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Patterns of Fluorescent Protein Expression in Scleractinian Corals
David F. Gruber, Hung-Teh Kao, Stephen Janoschka, Julia Tsai and Vincent A. Pieribone
Vol. 215, No. 2 (Oct., 2008), pp. 143-154
Published by: The University of Chicago Press
Stable URL: http://www.jstor.org/stable/25470695
Page Count: 12
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Biofluorescence exists in only a few classes of organisms, with Anthozoa possessing the majority of species known to express fluorescent proteins. Most species within the Anthozoan subgroup Scleractinia (reef-building corals) not only express green fluorescent proteins, they also localize the proteins in distinct anatomical patterns. We examined the distribution of biofluorescence in 33 coral species, representing 8 families, from study sites on Australia's Great Barrier Reef. For 28 of these species, we report the presence of biofluorescence for the first time. The dominant fluorescent emissions observed were green (480-520 nm) and red (580-600 nm). Fluorescent proteins were expressed in three distinct patterns (highlighted, uniform, and complementary) among specific anatomical structures of corals across a variety of families. We report no significant overlap between the distribution of fluorescent proteins and the distribution of zooxanthellae. Analysis of the patterns of fluorescent protein distribution provides evidence that the scheme in which fluorescent proteins are distributed among the anatomical structures of corals is nonrandom. This targeted expression of fluorescent proteins in corals produces contrast and may function as a signaling mechanism to organisms with sensitivity to specific wavelengths of light.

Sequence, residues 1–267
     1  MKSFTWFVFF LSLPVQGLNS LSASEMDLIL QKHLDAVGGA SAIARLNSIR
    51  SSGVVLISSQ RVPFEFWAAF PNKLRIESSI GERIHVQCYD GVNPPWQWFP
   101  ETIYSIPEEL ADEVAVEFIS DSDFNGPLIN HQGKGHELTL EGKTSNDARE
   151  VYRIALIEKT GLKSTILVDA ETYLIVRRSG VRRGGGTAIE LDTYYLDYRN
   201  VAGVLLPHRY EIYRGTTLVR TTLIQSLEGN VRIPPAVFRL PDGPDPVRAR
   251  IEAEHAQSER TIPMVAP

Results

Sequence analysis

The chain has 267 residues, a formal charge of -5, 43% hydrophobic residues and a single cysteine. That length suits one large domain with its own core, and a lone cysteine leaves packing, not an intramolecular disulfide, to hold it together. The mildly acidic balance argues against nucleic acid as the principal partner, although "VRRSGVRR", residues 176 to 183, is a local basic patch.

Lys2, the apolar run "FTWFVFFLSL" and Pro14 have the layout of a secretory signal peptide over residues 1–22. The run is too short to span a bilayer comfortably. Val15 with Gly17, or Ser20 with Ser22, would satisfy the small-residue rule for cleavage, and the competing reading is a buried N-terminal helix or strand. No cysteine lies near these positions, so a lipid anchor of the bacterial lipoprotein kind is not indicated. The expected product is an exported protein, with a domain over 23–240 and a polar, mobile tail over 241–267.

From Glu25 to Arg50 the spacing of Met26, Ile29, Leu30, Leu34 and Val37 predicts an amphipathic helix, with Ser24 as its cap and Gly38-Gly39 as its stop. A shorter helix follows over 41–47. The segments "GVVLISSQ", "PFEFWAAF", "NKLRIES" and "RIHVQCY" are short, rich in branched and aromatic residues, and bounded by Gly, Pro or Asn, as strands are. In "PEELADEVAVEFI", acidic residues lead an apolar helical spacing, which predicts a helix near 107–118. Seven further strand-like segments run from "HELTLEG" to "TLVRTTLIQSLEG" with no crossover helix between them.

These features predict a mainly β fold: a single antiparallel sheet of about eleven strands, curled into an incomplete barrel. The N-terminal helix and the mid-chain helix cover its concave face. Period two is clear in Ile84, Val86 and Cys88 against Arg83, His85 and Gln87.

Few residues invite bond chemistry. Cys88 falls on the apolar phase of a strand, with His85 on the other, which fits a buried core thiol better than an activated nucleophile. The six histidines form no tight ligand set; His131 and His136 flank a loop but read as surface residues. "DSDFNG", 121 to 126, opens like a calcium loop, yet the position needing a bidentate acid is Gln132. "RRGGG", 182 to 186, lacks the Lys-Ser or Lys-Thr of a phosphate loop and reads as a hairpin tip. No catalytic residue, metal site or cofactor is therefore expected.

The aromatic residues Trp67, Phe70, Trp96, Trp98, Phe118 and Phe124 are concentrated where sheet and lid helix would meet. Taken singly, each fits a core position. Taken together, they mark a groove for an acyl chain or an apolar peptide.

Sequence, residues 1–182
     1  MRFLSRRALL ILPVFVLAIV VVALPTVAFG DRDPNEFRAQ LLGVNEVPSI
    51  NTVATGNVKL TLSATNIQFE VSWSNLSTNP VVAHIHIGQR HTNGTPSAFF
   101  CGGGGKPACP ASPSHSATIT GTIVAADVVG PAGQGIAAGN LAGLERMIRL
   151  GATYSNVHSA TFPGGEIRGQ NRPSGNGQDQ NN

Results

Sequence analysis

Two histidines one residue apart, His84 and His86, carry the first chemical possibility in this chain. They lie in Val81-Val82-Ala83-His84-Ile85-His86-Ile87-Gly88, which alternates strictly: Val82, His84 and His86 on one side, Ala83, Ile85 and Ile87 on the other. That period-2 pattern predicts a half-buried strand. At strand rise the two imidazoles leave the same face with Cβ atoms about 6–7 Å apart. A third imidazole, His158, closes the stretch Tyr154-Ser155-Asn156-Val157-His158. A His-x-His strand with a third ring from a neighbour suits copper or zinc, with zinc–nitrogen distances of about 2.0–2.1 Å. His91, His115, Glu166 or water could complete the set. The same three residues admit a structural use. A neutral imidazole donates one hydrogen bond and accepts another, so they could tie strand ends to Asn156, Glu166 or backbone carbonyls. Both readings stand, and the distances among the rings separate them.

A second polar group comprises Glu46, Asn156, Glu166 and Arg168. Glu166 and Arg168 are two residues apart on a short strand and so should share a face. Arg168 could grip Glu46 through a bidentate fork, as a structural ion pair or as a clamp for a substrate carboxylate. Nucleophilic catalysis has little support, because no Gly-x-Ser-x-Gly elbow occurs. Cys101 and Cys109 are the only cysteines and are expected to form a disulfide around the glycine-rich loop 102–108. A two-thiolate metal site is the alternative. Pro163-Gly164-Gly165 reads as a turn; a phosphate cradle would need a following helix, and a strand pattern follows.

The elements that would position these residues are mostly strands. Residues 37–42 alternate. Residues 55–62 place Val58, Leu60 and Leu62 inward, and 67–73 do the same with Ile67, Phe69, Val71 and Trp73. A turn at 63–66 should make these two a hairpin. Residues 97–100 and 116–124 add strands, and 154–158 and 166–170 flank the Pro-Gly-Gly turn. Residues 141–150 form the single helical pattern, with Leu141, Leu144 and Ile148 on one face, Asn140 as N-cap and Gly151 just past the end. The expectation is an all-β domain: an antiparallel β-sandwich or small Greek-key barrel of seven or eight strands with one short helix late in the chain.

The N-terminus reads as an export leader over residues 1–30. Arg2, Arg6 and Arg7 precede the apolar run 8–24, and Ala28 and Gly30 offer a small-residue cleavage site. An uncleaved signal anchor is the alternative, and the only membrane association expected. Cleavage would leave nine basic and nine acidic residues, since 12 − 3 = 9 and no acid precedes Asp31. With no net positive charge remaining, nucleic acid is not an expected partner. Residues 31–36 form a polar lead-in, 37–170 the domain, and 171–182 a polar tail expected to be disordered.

Biological Bulletin © 2008 Marine Biological Laboratory